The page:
Job Searching through LinkedIn

It’s true that if you aren’t willing to spend a certain amount of time on social networking, LinkedIn may not prove efficient for you. It’s not a solution for finding a job tomorrow, but it is a valuable tool in building your brand as a professional.

Firstly you should clearly define what your objective is, in order to build your image accordingly.

1. Have your profile completed (if you haven’t used LinkedIn before, you can check this first):

  • Write a summary This not only provides the recruiter with an overview of your expertise and motivation, but it is also helpful for keyword searches.
  • Include all relevant experience for your area of expertise. It helps you to get connected with /recommended by your past coworkers, managers, business partners and so on. It also helps me, as a recruiter, to learn more about your career path.
  • Include a link for other sources where we can find relevant information about you (professionally speaking) e.g.: online portfolio, twitter etc.
  • If you have a professional blog, use “Blog Link” to connect it with your profile. You can also take a look at the other applications.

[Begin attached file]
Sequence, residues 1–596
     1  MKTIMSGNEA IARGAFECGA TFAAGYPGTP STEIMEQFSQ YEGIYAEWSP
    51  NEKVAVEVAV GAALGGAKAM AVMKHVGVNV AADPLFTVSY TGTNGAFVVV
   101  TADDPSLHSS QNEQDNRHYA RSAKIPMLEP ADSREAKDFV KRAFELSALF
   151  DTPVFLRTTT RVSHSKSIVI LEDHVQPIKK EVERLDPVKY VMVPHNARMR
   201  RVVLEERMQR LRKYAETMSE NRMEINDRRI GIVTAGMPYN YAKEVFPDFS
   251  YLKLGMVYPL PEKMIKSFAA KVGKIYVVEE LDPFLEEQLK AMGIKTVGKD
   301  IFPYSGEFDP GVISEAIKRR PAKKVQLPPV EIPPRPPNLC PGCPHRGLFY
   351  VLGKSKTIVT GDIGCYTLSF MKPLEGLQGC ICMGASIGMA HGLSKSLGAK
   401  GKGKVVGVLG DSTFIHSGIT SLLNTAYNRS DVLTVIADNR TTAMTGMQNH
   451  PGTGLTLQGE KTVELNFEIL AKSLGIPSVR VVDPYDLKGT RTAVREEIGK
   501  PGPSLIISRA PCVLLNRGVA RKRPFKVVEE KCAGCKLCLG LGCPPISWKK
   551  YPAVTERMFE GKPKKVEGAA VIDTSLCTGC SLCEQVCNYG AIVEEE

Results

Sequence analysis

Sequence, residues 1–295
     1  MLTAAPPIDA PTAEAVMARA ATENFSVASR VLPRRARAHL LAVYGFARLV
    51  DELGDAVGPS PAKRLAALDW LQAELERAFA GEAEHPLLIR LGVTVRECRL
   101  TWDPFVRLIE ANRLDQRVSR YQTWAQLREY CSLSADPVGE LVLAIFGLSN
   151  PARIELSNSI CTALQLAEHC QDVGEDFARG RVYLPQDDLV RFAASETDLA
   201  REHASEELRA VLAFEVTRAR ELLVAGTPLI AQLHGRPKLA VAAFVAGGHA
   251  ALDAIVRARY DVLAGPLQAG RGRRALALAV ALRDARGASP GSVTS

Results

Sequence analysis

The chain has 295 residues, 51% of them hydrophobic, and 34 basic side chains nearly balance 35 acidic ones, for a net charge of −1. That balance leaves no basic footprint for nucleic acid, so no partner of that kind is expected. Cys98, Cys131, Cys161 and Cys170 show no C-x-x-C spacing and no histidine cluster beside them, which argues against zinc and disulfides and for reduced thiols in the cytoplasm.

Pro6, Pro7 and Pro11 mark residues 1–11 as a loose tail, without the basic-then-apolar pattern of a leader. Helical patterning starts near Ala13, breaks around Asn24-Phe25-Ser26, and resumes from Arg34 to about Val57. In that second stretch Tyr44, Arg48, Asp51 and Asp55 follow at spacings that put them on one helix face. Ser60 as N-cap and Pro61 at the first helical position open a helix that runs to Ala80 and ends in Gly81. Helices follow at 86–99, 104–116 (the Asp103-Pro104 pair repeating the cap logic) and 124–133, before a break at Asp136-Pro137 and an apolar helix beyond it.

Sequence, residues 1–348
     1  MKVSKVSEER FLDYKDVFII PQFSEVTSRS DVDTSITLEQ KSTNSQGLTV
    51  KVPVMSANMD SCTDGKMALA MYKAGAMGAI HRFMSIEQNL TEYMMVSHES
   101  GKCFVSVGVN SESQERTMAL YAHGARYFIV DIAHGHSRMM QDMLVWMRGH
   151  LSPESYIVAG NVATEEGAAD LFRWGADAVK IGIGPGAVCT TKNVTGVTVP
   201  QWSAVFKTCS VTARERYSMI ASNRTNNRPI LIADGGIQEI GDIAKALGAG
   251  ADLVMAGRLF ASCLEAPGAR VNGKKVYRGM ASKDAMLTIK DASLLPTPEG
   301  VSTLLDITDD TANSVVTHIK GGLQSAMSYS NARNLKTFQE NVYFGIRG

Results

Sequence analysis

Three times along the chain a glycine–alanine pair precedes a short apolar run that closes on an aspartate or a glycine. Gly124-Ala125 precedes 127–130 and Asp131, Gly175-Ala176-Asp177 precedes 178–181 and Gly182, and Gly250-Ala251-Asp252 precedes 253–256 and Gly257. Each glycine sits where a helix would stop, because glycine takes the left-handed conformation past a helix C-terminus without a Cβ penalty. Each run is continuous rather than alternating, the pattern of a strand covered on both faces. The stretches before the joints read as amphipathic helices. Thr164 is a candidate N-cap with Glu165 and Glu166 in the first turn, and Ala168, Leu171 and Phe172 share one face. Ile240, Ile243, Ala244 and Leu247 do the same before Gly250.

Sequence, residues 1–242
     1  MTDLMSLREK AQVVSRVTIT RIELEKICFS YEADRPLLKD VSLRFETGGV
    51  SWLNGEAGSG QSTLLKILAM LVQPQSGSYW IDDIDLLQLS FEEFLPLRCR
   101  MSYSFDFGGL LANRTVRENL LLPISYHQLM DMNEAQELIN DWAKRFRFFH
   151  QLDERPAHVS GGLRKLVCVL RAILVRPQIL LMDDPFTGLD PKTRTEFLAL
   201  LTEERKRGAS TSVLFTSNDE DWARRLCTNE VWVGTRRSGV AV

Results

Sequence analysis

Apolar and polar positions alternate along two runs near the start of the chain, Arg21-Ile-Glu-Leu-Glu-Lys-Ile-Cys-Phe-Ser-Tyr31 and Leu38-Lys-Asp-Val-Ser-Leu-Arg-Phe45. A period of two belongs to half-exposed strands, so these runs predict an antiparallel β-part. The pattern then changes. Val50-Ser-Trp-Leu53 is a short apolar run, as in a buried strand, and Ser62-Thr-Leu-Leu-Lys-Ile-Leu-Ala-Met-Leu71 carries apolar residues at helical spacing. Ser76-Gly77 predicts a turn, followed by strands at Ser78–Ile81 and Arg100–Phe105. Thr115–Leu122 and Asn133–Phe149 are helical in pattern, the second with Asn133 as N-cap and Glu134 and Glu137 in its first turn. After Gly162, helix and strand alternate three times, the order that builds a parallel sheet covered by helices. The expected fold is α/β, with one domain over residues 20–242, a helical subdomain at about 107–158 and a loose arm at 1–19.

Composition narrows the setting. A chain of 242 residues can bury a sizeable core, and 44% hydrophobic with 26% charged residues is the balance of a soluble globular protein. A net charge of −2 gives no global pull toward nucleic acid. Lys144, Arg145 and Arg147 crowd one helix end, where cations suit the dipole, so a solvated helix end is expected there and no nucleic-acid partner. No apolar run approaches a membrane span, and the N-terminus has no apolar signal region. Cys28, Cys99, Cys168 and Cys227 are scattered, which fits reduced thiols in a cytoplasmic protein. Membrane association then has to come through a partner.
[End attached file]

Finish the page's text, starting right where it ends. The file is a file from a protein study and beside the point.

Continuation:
2. Get connected – to all the people you know in your industry. Having your profile completed helps a lot.  Useful advice can be found here.

3. Now your profile provides necessary information about you. The next step is to increase your visibility.

NB: getting noticed is not similar to spamming people

Join groups – it increases your visibility and also allows you to contact the members directly. It’s not the number of groups that makes the difference; it’s their relevance to your objective and the added value you bring in. To this effect, here are some criteria to help you in your choices:

  • What is this group based around: professional interest/former employers / alumni associations
  • members from your geographical area (or area of interest)
  • active groups